When cutting any pitchy wood the sawyers would have had a bottle of kerosene with grass or pine needles stuffed in the top to lubricate the saw and dissolve the pitch. The photo here is one typical of the the State of Maine. There were other many solutions. A small amount of kerosene on the saw would dissolve the pitch, and the way to apply it was up to the creativity of the sawyer. A very traditional Oregon solution was to use a pocket flask whiskey bottle with the cork grooved out a little so it would drizzle a little when shaken. The empty bottles were plentiful and easy to carry in the hip pocket while making the sometimes long hike out to the falling site.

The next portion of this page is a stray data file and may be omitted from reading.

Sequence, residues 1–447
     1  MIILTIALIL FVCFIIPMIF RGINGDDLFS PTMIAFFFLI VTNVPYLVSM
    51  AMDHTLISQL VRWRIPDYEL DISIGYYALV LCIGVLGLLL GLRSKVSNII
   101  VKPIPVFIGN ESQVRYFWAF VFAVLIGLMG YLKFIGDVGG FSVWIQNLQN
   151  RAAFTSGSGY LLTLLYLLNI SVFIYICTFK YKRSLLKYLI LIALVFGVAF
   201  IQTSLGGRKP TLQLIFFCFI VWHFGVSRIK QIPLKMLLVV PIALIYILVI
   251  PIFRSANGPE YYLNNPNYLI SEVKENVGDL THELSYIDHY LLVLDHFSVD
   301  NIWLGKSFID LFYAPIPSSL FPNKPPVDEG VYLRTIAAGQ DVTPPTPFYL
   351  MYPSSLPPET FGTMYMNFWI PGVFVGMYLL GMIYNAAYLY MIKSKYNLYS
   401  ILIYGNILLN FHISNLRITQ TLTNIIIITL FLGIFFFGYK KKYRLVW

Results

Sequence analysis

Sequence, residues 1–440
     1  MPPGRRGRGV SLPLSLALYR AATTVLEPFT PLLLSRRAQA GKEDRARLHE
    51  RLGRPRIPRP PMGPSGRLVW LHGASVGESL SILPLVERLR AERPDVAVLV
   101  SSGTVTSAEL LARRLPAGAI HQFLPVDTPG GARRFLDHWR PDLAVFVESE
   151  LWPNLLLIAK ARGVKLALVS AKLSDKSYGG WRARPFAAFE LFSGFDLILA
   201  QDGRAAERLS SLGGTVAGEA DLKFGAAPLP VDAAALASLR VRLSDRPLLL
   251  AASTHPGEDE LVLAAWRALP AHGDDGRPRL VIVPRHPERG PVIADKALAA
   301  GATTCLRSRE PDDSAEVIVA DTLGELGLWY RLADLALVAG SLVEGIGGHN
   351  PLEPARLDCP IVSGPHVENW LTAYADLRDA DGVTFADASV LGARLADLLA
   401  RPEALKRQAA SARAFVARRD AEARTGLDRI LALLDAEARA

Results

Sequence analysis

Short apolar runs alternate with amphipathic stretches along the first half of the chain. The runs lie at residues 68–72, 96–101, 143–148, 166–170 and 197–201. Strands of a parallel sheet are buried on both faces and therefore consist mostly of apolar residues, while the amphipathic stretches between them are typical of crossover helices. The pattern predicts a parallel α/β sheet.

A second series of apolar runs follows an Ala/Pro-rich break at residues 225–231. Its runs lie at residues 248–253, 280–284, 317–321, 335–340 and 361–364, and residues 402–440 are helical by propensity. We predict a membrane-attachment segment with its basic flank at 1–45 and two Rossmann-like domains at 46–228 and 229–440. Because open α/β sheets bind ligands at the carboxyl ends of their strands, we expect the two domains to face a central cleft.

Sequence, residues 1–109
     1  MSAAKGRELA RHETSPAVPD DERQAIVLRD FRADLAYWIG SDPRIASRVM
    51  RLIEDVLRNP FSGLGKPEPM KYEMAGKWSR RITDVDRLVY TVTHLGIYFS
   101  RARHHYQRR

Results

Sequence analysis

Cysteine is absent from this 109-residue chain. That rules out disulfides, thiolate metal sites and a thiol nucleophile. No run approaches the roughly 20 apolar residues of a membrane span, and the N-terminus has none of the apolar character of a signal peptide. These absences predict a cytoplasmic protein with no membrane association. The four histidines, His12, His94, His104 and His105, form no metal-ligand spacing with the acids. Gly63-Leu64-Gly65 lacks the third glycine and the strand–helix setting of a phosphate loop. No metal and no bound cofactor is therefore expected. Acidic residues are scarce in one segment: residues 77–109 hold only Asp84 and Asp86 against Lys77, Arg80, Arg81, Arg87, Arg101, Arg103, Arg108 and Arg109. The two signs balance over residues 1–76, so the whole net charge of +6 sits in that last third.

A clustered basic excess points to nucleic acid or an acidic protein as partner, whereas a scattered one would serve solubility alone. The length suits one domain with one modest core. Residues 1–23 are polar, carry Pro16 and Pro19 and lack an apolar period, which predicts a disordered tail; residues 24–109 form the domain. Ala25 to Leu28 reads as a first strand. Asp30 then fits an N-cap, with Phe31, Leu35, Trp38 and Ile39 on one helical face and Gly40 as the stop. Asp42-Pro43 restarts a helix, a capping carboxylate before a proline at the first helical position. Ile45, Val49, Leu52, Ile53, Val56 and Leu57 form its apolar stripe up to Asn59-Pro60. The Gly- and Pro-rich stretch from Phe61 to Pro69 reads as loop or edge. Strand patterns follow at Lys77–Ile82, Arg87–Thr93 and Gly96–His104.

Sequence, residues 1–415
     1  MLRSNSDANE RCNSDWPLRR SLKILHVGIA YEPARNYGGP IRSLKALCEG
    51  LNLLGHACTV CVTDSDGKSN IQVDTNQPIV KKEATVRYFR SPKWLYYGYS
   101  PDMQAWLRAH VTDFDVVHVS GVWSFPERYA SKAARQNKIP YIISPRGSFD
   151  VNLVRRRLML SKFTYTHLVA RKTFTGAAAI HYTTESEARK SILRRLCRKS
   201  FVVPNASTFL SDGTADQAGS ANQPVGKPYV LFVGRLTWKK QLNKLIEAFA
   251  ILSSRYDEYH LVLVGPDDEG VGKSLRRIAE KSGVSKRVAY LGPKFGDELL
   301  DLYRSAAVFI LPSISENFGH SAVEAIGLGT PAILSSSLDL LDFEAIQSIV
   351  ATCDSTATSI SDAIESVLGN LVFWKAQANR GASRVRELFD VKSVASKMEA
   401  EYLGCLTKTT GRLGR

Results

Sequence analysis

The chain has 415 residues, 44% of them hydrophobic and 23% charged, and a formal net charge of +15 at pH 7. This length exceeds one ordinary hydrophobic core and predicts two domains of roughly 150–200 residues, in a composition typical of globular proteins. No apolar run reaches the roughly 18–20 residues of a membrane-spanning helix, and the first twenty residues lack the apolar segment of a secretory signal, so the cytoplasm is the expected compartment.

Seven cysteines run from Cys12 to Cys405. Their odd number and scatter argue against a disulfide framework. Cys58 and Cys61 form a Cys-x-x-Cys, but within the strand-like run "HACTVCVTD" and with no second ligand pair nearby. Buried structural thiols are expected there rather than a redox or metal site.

Fallers tried to avoid the worst of the pitch seams as well as stump bind by leaving fairly tall stumps. In Oregon stumps 4 to 10 feet tall were common. Never the less every faller had a story of the big pitch seam that he hit. Usually the 'big one' contained pitch measured in gallons. When a seam like that was hit, the falling operation would be abandoned until the pitch drained out.
While they were sawing, particularly if pitch was bothersome, the bottle would be hung above the saw so it would drip on the saw.